Black Men’s Basketball Players Are Making Academic Progress, But More Help Is Needed

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While the NCAA reports that African-American men’s basketball players are graduating in greater numbers, others say more needs to be done to support the players.

The NCAA reported in 2016 that more than three quarters of Division I African-American men’s basketball players – 77 percent – earned their degrees, up five points from last year, 31 points over the past 15 years and the highest rate ever.

Tariq Sullivan

African-American male college athletes earned a graduation rate 11 percentage points higher than African-American men in the student body (52 percent to 41 percent), the NCAA report said. African-American male student-athletes have increased their graduation success rate by 19 percentage points to 70 percent during this time, the report said.

Dan Guest, a 2012 graduate of the University of Connecticut from West Hartford, was a guard on the Huskies team. He has since played basketball in Mexico and is hoping to play in Europe in August.

Guest, who is black, said he received a lot of academic support, but the support system depended on a player’s major and the player’s willingness to seek help.

“You have to be on top of your work,” he said.

Some minorities and students who are the first in their family to go to college need more support, he said.

“There needs to be more help and guidance,” he said.

Last fall, the UConn Scholars House opened as a separate dorm for African-American males when officials said more needed to be done to raise their graduation rate.  At UConn, there are about 580 African-American men out of about 21,000 undergraduates on the rural campus in Storrs. Their six-year graduation rate is about 55 percent, compared to 81 percent for all male students, 78 percent for black females and 83 percent for all UConn undergraduates, the Associated Press reported in 2016.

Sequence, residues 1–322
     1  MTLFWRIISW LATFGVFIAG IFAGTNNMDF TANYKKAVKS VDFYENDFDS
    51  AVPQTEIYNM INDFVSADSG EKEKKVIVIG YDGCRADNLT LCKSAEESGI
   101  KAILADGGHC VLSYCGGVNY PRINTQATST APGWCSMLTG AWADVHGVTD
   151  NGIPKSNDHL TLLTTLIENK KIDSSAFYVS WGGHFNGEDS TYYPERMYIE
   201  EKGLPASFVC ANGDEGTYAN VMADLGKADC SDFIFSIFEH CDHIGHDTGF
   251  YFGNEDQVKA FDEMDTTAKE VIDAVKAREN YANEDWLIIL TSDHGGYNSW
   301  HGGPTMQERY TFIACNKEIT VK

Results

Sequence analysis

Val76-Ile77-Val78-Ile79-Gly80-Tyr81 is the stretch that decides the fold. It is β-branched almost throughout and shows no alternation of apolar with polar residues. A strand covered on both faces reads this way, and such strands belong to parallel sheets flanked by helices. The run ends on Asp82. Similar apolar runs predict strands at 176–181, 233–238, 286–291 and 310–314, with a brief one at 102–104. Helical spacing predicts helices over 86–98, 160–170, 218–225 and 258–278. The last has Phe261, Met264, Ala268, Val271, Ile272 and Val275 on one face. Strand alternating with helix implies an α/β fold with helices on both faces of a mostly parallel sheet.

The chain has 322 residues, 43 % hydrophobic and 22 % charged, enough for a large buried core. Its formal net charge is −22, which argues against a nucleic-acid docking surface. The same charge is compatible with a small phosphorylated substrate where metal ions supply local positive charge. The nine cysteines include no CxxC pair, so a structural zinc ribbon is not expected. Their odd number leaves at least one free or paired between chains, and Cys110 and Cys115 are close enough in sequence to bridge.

The same year, the University of North Carolina was accused of cheating when media reports detailed black students taking classes where they had to do no work, The Huffington Post reported. They were just given good grades so that they were able to play basketball, the story said.

Nonwhite and revenue student athletes are the most likely to report that their effort toward academic work relative to their maximum potential is less than 50 percent, The Huffington Post reported. In a 2015 study of Pac-12 conference athletes, 80 percent said they’d missed a class for a game in the previous year, more than half said they didn’t have enough time to study and many said they often felt “too exhausted to study effectively,” the story said.

Desmond Conner, a sportswriter for the Hartford Courant, said the NCAA was quick to sanction UConn for poor graduation rates but has been slow to punish UNC, which he called a “blue blood in southern athletics.”

“I think the NCAA is stalling,” he said.

More universities have to support African-American athletes, he said.

“They have to make sure there are places they can go and feel safe,” Conner said.

Dom Amore, who covers the UConn men’s basketball team for the Hartford Courant, said the scandal at UNC may reach high levels.

“Somebody at the top was not doing their job,” he said.

Amore has been reporting on improvements in UConn’s Academic Progress Rate since Coach Kevin Ollie took over in 2012. Most of the players on the men’s team have graduated in the past five to six years, he said. He said UConn hired more support staff to make sure the players are doing assignments and are in classes.

The public does not always appreciate the demands on Division I athletes, he said.

“People don’t have enough respect for how hard it is to do what they have to do,” he said.

There are many support programs that boost the players’ self-esteem along with their graduation rates, Amore said. Other factors beyond support systems, such as the travel, practice and game demands on players, may result in a player not graduating, he said.

“If a student does not succeed academically, it does not mean there is not enough help,” Amore said.

Tariq Sullivan is a student at the Achievement First, Amistad Academy, New Haven.